In the words of Shakespeare: Some are born great, some achieve greatness, and some have greatness thrust upon 'em.
We have long been hearing about the technical greatness of Sidney Crosby, "The Next One." No one can argue how talented he is as a hockey player. Both he and Evgeni Malkin have had a hand in eight of the 10 goals scored by the Pittsburgh Penguins thus far in the Stanley Cup Finals.
But if Pittsburgh wants to win, others will have to achieve greatness and still more will have to hope it gets thrust upon them.
Both the Pittsburgh Penguins and Detroit Red Wings are making return appearances in this years Stanley Cup Finals. A remarkable feat within itself. While unsuccessful last year, Crosby once again has the opportunity to win the cup, one campaign older, one campaign wiser, and a first hand eye witness to what it takes to win the Stanley Cup. Youth and experience cannot be used as an excuse this time around
Now is his time to step up and show his leadership on the ice. Hard hits, being aggressive and most of all, being disciplined. And leadership on this team needs to come from several of the players, including those who do not have a letter sewn on their jersey. Composure is a key part of being a good leader, and that means no stupid penalties, no whining, and almost willing themselves to victory.
For good leadership, one only has to look at the likes of Mark Messier, a physically dominating player. Messier stepped up, got results, and exuded fear and power when he stepped on the ice. Players like Jerome Iginla, Scott Stevens, and Derian Hatcher were imposing figures on the ice as well.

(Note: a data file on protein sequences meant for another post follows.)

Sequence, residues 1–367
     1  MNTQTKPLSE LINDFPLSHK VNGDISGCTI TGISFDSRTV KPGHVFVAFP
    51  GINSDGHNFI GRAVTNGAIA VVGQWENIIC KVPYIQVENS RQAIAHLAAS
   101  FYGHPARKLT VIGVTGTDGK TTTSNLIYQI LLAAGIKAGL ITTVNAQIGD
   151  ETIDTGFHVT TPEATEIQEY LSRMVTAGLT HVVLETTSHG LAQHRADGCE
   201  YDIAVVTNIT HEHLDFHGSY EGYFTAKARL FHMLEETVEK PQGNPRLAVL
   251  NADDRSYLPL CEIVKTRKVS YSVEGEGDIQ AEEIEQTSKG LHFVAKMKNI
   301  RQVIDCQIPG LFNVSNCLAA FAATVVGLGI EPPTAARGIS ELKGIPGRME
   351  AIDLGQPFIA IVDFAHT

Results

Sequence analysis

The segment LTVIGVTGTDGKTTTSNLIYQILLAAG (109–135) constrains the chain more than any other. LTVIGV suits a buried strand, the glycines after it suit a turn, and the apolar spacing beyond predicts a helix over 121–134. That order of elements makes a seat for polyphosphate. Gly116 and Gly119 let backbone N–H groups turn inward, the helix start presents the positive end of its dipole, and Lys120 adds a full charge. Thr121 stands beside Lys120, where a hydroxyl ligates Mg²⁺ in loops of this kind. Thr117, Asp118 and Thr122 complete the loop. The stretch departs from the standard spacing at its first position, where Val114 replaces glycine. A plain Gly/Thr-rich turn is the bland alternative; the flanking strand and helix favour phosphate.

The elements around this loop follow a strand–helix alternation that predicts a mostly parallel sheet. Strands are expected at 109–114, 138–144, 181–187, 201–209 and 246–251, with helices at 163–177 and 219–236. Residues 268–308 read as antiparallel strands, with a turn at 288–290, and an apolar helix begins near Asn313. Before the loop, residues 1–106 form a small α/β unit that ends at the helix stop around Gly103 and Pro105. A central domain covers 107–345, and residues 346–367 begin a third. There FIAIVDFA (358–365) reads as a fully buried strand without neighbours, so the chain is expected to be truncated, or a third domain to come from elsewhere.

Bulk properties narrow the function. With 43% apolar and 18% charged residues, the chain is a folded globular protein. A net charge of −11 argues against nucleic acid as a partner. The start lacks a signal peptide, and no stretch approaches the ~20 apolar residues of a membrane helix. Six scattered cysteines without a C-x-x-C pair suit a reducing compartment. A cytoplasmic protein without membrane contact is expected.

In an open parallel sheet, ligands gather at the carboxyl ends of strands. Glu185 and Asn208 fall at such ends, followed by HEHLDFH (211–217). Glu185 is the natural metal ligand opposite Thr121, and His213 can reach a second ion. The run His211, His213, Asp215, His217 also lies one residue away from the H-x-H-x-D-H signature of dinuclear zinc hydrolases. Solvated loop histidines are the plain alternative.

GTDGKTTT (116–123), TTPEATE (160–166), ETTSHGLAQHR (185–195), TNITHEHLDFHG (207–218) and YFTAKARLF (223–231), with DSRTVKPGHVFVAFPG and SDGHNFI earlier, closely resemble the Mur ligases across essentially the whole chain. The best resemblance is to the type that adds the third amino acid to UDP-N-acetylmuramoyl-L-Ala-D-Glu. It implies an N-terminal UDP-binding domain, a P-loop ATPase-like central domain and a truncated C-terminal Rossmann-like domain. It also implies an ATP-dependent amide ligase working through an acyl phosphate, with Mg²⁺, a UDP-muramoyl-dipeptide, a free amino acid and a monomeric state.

Captains such as Steve Yzerman, Mats Sundin, and Joe Sakic may not have been the loud, rah rah type of leaders, but they led by example and determination. Even Wayne Gretzky had a reputation for being whiny as a younger player, but he manned up and took charge when push came to shove.
When these players were on the ice, you could feel the urgency and anticipation that in the dying seconds, the anticipation that something big was going to happen...and with these men, something usually did. The above leaders also made people around them better.
When Crosby et al. are on, I don't feel that dominance. I don't feel that sense of urgency and anticipation. I saw spurts of it, such as after Jordan Staal's short handed goal in Game Four.
With the Penguins behind in the series 3-2, they are heading home, which has been an important advantage during this series as the home team has won each time.
Who knows when Crosby will be in this position again. Who knows how many more chances Pittsburgh will have in the future. If Sidney doesn't play well now, this may be his leadership legacy, fair or not. Perhaps being born with greatness isn't enough. Perhaps the secret ingredient to being a leader is being able to stoke the fires of greatness in others. Make others aware of their responsibilities instead of being liabilities.
Regardless, something needs to change. As good as some of the players have been, they all need to be better. As talented as Pittsburgh is, they still have a chance to win. Only time will tell how Crosby will be remembered, and at least for now, we still have two playoff games remaining.
And touch wood, many years of Crosby remaining for us to see whether or not this is his Stanley Cup opportunity, or one of many more to come.
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